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Why make worm tea?

Posted by ainadaliel (My Page) on
Tue, Jan 11, 11 at 5:03

So I'm buying some vermicompost and been reading up on making vermicompost tea.

Then my mom said, "Making vermicompost tea requires so much time and effort (we have no air pump at home). Just put some compost on the base of the plant and water it!"

That got me thinking...yeah, what's the different between "brewing" the compost and just putting it on the base of the plant and watering it?


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Excellence VS Synergy

Putting vermicompost at the base of the plant and watering it is excellent for the soil and thus the plant.

Brewing vermicompost tea due to increased oxygen availability (or less carbon dioxide) makes many more microbes to do work for you and your plants. Microbes or Wee Beasties fight disease on plant leaves and help roots search for nutirents.

I do not know why doctors operatate in a sterile field. It would seem better to work in a field filled with friendly wee beasties crowding out the bad guys.

For now you are probably just fine putting it around the base of plants and brewing later. We all have more we want to do but for varioius reasons have not yet. It is this desire that drives us to break through the limits and invent new things.

Maybe you could borrow one from a friend with a fish tank.


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RE: Why make worm tea?

Mostly for fun you probly never see someone brewing tea that doesn't enjoy it

If you want to try anyway you can stir it with a stick everytime you walk buy


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RE: Why make worm tea?

I have made aerated tea in the past, but have now gone for a simpler approach. I put some castings into a large mouth plastic bottle (about 2 litres), add water and screw the lid on. I then give it a vigourous shake and pour the lot onto or around the plant. Reload and repeat for the next plant.

Seems to be working well so far.


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RE: Why make worm tea?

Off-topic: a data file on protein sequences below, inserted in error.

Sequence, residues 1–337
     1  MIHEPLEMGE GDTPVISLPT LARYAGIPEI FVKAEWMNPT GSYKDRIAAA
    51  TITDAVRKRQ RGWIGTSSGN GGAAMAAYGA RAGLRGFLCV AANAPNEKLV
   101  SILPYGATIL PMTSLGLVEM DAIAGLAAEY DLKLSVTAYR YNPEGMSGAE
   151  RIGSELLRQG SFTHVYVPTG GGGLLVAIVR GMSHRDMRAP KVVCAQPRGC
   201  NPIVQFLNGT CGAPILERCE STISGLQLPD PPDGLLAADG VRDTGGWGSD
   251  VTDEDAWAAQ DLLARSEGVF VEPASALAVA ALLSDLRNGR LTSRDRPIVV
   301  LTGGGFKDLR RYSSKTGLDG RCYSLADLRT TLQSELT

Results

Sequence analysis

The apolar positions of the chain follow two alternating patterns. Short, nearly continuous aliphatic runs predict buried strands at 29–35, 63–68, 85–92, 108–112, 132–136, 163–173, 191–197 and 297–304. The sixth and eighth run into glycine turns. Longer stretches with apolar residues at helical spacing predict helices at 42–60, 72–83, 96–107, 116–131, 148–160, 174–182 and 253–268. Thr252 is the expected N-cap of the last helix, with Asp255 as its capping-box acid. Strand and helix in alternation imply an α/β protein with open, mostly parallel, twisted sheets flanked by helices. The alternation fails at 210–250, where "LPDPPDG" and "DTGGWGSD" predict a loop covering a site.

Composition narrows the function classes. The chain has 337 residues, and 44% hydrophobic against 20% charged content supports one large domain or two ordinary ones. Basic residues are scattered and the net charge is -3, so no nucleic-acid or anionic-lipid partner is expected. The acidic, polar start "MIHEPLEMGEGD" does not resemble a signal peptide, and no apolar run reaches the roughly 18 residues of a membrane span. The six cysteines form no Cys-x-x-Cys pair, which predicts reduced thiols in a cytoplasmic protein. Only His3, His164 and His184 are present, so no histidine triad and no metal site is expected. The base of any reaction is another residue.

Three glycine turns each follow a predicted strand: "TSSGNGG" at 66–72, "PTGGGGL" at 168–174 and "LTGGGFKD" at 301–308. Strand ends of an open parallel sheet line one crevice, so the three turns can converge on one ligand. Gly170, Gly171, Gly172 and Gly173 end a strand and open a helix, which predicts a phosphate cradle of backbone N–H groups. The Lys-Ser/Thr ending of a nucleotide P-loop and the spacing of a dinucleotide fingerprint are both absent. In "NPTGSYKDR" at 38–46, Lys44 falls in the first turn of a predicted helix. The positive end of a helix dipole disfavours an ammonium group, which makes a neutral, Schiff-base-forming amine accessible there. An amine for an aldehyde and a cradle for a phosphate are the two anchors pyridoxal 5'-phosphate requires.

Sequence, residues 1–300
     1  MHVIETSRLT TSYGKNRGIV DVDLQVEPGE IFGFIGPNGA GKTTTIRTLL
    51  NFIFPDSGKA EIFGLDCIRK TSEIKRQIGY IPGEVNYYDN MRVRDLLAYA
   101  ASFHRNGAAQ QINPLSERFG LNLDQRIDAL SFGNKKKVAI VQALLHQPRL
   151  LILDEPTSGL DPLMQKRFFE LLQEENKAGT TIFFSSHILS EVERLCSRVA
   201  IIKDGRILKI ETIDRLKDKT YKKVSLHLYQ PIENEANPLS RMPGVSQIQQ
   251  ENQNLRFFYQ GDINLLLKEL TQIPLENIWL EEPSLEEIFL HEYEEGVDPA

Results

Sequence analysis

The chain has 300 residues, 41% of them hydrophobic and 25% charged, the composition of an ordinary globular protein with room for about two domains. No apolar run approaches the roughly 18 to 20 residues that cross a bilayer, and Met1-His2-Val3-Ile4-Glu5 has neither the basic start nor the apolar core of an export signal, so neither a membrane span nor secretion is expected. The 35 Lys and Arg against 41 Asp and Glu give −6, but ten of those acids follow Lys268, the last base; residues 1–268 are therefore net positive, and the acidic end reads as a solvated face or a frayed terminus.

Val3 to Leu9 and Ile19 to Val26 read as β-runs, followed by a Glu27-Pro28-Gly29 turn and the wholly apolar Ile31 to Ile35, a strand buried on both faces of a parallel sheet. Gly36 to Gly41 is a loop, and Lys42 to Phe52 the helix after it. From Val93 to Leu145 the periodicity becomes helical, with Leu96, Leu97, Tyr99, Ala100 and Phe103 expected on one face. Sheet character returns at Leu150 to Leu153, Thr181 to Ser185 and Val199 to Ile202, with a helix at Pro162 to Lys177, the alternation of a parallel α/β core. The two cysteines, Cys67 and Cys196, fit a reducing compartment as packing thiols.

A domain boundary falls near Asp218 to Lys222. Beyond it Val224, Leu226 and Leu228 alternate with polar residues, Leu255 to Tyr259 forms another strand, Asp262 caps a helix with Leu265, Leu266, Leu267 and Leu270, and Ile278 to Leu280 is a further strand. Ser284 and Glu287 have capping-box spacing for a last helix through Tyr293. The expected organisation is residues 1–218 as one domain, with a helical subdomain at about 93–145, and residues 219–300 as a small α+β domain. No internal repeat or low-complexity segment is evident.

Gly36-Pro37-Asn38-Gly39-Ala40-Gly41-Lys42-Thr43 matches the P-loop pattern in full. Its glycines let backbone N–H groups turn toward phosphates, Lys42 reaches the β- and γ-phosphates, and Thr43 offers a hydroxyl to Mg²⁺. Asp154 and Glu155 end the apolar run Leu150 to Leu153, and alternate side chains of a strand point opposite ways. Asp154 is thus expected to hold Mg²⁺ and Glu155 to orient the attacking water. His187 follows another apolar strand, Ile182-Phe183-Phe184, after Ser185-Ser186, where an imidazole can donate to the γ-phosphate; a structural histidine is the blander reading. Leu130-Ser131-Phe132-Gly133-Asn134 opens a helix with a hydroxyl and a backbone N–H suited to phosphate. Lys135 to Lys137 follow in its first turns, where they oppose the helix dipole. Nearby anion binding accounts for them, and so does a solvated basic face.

Hmm...will I get the same effect if I use fish and seaweed emulsion with lactobacillus?


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RE: Why make worm tea?

No... fish emulsion is a great fertilizer but has different effects than VC or casting Tea.

The reason some of us use casting tea rather than just apply it straight and then water it in is twofold. Firstly using the tea form EXTENDS the vermicompost you have. You can treat many more plants with the same amount of VC.

Secondly, one of the major benefits ov VC is not just it's use as a fertilizer or as a soil ammendment.(And it excels as both.) Rather microbial activity, both bacterial and fungal are magnified exponentially in aerated teas. There has been research to show that these massive increases in (especially bacterial) counts have a supressive effect on disease tranmission from the soil. One of the theories is that it effects chemotaxis, which is the attraction of bad bacteria to the developing root. If this chemotaxis is hindered then the root and therefore the plant is unnaffected.

Some of this is part of the doctorial research of a woman at Cormell University.

Personally, I have storing as much VC as I can for spring planting. A good portion will be sprinkled into my beds directly.. But I will retain enough to brew and apply frequent waterings of aerated teas.


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RE: Why make worm tea?

I held off posting until someone did who could explain it nicer than me. Yes "exponentially" is the key to why make vermicompost tea. Vermicompost is good. Vermicompost stired is better. Fish and seaweed emulsion with lactobacillus probably really good. But vermicompost tea made properly and sprayed right away is "exponentially" way better due to exactly what pjames says. The other things are very good and I don't want to take away from them, do them, yes, but vermicompost tea should put things into hyperdrive. I am not at that level yet. I'm still trying to get living soil into raised squares instead of gardening in straight beach sand. I think of spraying vermicompost tea as sort of teraforming.


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